Since the announcement of the Section 21 policy in 2019, the sales market has witnessed consistent growth, while the availability of rental properties has decreased by a third. When landlords hear discussions of a Section 21 ban, they interpret it as a restriction on their ability to regain possession of their property as needed. Many conflate this issue with the concept of rent control, which is also making headlines in areas like London and Scotland.

Landlords have been exiting the rental sector, capitalizing on soaring property prices to evade the impending ban. Ironically, the increased value of vacant properties has led to the displacement of tenants who would otherwise have had secure tenancies.

Furthermore, with recent interest rate hikes, there has been no influx of new landlords to replace those departing. Consequently, rental properties have vanished from the market, intensifying competition among tenants and subsequently driving up rents.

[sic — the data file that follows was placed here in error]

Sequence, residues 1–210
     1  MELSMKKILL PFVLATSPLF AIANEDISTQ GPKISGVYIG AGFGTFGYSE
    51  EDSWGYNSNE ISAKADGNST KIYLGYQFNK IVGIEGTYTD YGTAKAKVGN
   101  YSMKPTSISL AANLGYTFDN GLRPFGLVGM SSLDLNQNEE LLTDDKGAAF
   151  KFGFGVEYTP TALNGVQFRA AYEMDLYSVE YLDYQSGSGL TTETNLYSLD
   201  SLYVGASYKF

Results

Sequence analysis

Despite widespread support from various political factions, the ban appears inevitable and could be implemented soon. Personally, I hope for its swift enactment, as the ongoing uncertainty surrounding the issue is resulting in tenants needlessly losing their homes.